It’s intended that the public benefits trust fund be established “in order to collect the cash contributions made according to the Miami 21 Code … to supplement affordable/workforce housing, public parks and open space, and green building certification shortfalls,” the legislation says.

The Wynwood Business Improvement District, through a five-member committee, will allocate money in the fund within the NRD-1 boundaries.

The committee will be made up of one member directly appointed by the commissioner from District Five, one member appointed by the commissioner from District Two, one member appointed by the full city commission, and two members appointed by the improvement district’s board and submitted to the city commission for confirmation.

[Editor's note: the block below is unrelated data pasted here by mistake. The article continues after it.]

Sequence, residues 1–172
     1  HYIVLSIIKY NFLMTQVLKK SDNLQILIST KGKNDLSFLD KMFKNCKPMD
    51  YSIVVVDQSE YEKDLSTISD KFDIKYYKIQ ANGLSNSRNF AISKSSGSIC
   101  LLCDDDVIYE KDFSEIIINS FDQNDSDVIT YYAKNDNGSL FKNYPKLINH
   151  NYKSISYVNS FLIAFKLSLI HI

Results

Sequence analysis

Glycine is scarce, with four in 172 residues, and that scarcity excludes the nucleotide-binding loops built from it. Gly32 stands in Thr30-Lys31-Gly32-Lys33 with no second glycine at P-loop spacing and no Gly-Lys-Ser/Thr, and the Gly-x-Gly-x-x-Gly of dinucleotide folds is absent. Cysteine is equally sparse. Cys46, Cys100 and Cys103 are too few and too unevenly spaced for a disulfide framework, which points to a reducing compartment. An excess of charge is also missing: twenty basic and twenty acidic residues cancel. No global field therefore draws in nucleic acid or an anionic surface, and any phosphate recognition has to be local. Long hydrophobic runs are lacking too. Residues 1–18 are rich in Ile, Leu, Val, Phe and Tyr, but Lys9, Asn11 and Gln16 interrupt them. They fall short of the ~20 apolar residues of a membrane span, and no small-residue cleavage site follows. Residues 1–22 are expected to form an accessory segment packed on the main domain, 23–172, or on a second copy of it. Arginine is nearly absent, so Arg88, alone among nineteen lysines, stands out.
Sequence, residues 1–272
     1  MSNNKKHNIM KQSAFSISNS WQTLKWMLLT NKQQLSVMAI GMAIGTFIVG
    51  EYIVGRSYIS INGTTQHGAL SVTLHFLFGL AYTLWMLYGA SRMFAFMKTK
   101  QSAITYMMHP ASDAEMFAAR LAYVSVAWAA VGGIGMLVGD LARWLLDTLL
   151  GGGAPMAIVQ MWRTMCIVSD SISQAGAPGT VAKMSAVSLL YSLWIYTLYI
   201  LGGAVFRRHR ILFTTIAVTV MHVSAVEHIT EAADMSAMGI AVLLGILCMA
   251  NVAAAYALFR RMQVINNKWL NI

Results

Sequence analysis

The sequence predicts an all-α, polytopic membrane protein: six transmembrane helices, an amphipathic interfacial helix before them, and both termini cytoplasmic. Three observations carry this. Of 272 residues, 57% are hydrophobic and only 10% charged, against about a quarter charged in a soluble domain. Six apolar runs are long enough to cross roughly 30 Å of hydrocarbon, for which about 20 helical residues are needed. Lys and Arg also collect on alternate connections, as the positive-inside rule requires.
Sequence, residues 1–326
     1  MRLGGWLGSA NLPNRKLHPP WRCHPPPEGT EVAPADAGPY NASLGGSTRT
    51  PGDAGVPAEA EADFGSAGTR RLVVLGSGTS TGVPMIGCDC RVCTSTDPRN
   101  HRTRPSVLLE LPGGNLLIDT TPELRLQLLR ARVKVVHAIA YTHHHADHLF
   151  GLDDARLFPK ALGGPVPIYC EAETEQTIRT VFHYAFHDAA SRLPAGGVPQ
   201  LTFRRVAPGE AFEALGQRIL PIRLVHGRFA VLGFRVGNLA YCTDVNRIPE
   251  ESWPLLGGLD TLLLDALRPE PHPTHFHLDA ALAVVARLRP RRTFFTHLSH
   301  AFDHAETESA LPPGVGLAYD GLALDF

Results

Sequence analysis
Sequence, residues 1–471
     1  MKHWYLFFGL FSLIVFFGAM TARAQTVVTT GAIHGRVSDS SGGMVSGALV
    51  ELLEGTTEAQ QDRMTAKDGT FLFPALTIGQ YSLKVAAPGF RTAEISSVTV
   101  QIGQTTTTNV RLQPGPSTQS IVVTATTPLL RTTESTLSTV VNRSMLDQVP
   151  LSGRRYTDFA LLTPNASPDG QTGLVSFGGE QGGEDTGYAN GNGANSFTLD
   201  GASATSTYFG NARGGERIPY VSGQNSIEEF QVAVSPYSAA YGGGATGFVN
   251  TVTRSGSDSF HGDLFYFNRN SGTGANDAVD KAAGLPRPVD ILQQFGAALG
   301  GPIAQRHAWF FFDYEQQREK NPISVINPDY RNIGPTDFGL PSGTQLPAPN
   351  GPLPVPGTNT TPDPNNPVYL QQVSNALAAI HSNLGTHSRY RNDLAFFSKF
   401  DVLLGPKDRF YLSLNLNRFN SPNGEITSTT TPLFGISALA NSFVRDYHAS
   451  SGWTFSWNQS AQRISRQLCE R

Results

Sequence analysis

The committee must report to the commission annually, and the trust fund is to be reviewed by the commission every three years.

The business improvement district formed in 2013 as a city municipal board. Its directors are drawn from the hundreds of property owners throughout the 50-block community. The improvement district works to enhance security and sanitation services, raise awareness of advancements and plan for the future of Wynwood.

A planning staff report on the revitalization district says: “Wynwood is transitioning into a globally-recognized destination for art, fashion, innovation, and creative enterprise. It is vital that the Wynwood Arts District accommodate new uses and development while creating new public and private open space opportunities for its existing and future residents.”

The revitalization district is to establish protective regulations to guide the transition from an industrial district into a diverse, mixed-use area to include industrial, retail and residential components, the report says.

“The neighborhood revitalization district regulations will also preserve the unique street art and industrial characteristics of the current Wynwood Arts District while promoting an environment where people work, live, and play,” it says.

Although many of the components of Wynwood 2.0 were approved, the boundaries ultimately did not expand.